Malaysia’s diverse and open economy reported an overall capital market valuation of RM3.6 trillion as end-December 2022 (end-December 2021: RM3.5 trillion). In spite of highly volatile global markets and uneven post-pandemic recovery, the nation’s capital markets remained relatively resilient. Malaysia’s GDP expanded 8.7% in 2022 (2021: 3.1%) – the fastest clip in 22 years, propelled by growth in all sectors.
Based on the International Monetary Fund (IMF)’s index of financial development, Malaysia has been charting consistent progress, especially in terms of depth, access and efficiency. The IMF’s methodology indicates that Malaysia’s overall financial sector developed significantly between 1993 and 2016. According to data from the Securities Commission Malaysia (SC), Malaysia has been performing commendably on the whole, surpassing its peers in the emerging markets and, in some respects, even the advanced financial markets.
Recognising the shift towards raising funds and investment through the private market, the SC has been supporting the development of digital market access – by being the first jurisdiction to regulate equity crowdfunding (ECF). The SC has also been monitoring the development of the private equity (PE) and venture capital (VC) industry in Malaysia, by requiring registration in 2015 and the setting up of the Malaysian Venture Capital and Private Equity Development Council. In March 2023, Capital Markets Malaysia (CMM) launched the country’s pioneer corporate venture capital (CVC) programme, to spur the domestic PE and VC ecosystem by driving corporate investments on the part of more sizeable public listed firms.
The Malaysian capital markets have been financing the domestic economy and mobilising savings, despite the unprecedented conditions since 2020. High levels of domestic liquidity, coupled with the authorities’ proactive measures, have helped maintain an orderly market and ensure limited disruptions to the overall capital market.
The robust domestic corporate bond and equity markets posted a record RM179.4 billion of total fundraising value in 2022 (2021: RM130.9 billion), outshining the five-year (2018-2022) average of RM135.9 billion. The corporate bond market accounted for RM153.3 billion of these new issuances while the equity market contributed RM26.0 billion. Of the latter, RM3.5 billion was raised through 35 initial public offerings (IPOs) and RM22.6 billion via secondary fundraising. Persistent headwinds, however, moderated the overall market capitalisation of Bursa Malaysia to RM1.74 trillion in 2022 (2021: RM1.79 trillion).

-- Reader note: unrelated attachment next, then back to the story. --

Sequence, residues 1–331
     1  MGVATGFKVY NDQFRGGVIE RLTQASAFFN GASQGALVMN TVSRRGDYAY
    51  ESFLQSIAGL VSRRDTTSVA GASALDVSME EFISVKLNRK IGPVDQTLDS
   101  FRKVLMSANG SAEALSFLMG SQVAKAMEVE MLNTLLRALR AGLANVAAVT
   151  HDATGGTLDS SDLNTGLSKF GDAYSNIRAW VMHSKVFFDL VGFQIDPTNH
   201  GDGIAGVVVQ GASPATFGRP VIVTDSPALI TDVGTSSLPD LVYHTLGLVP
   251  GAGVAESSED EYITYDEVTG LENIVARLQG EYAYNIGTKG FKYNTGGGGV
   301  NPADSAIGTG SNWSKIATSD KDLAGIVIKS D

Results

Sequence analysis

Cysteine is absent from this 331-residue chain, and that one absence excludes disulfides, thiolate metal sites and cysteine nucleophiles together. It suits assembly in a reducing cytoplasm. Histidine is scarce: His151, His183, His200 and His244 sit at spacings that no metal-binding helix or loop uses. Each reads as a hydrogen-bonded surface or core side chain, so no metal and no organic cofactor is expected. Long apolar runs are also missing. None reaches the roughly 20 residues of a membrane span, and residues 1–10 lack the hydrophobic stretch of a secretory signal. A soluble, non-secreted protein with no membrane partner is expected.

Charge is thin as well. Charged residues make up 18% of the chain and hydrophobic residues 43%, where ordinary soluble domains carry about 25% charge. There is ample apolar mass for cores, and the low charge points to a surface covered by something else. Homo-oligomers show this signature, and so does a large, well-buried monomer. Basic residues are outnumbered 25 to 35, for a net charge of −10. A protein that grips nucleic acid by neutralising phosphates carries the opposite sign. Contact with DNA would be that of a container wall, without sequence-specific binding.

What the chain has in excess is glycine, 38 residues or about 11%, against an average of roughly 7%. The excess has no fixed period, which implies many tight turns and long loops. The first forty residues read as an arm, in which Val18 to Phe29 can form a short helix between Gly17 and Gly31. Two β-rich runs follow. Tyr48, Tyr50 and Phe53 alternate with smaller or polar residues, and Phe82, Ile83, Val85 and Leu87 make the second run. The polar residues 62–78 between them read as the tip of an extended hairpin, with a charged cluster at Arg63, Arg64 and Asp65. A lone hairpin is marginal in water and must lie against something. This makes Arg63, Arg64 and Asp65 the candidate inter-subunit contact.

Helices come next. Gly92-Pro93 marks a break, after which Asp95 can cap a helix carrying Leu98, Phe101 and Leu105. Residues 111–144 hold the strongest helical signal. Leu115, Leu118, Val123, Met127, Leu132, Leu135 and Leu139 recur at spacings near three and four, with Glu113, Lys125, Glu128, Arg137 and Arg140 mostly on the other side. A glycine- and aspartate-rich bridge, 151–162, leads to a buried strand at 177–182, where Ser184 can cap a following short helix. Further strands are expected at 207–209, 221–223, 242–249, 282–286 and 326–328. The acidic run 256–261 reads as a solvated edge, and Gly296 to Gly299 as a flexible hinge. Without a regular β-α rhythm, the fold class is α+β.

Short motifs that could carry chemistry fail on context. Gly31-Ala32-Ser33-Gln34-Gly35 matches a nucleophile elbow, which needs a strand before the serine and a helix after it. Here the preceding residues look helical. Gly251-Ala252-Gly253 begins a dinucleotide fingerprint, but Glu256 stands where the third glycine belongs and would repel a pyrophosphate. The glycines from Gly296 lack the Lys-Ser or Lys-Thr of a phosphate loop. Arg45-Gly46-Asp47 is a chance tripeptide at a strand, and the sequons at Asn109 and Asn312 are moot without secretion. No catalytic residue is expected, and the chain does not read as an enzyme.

Besides the traditional methods, alternative fundraising avenues have been gaining traction, especially in ECF and P2P financing, with total funds raised more than doubling to RM1.7 billion in 2022. Overall, the size of the entire capital market increased 2.2% to RM3.6 trillion. Given the challenging conditions, the fund management industry’s total assets under management (AUM) declined 4.7% to RM906.5 billion. The unit trust segment remained the chief source of funds for AUM, contributing RM487.9 billion of total net asset value (NAV).
Sustainable development is a global imperative that Malaysia has fully embraced. As companies seek to align themselves with the United Nations’ Sustainable Development Goals (SDGs), a welldeveloped financial sector is essential towards supporting their requirements. In this regards, the Malaysian capital markets are uniquely poised to answer the call for sustainable finance in promoting long-term economic growth. The SC has long been cognisant of the need to promulgate and develop sustainable finance because it aligns closely with the underlying principles of Malaysia’s Islamic capital market, having established a facilitative regulatory framework to support Sustainable and Responsible Investment (SRI) and green financing.
Malaysia has built up its reputation as the global leader in Islamic finance. Underscored by its mature Islamic finance ecosystem, advantageous market size and diverse demographics, Malaysia also stands among the world’s leading Islamic fintech hubs, housing various Islamic fintech start-ups. Against this backdrop, Islamic fintech – which focuses on the use of technology to deliver Shariahcompliant financial solutions, products, services and investments – has been flourishing in recent years.
In the meantime, Malaysia has also been able to diversify its market-based funding avenues by developing its Islamic capital market (ICM), particularly sukuk. The domestic ICM’s performance has been laudable, expanding from just RM294 billion as at end-December 2000 to RM2,322 billion (or 64.4% of the entire domestic capital market) as at end-December 2022.
According to the State of the Global Islamic Economy Report 2022, Malaysia retained its leadership on the Global Islamic Economy Indicator (GIEI) for the 9th consecutive year. The GIEI assesses the leading national ecosystems of 81 countries which can best support the development of Islamic economic and business activities relative to their sizes. The same report also states that Malaysia accounted for USD619.7 billion or 17.2% of an estimated USD3.6 trillion of global Islamic finance assets in 2020/2021 – placing it third behind Iran (23.3%) and Saudi Arabia (22.9%). All said, Islamic finance has been well leveraged in Malaysia to fund sustainable economic activities and the collaborative efforts of governments, businesses and civil society in building the ecosystem for sustainable finance.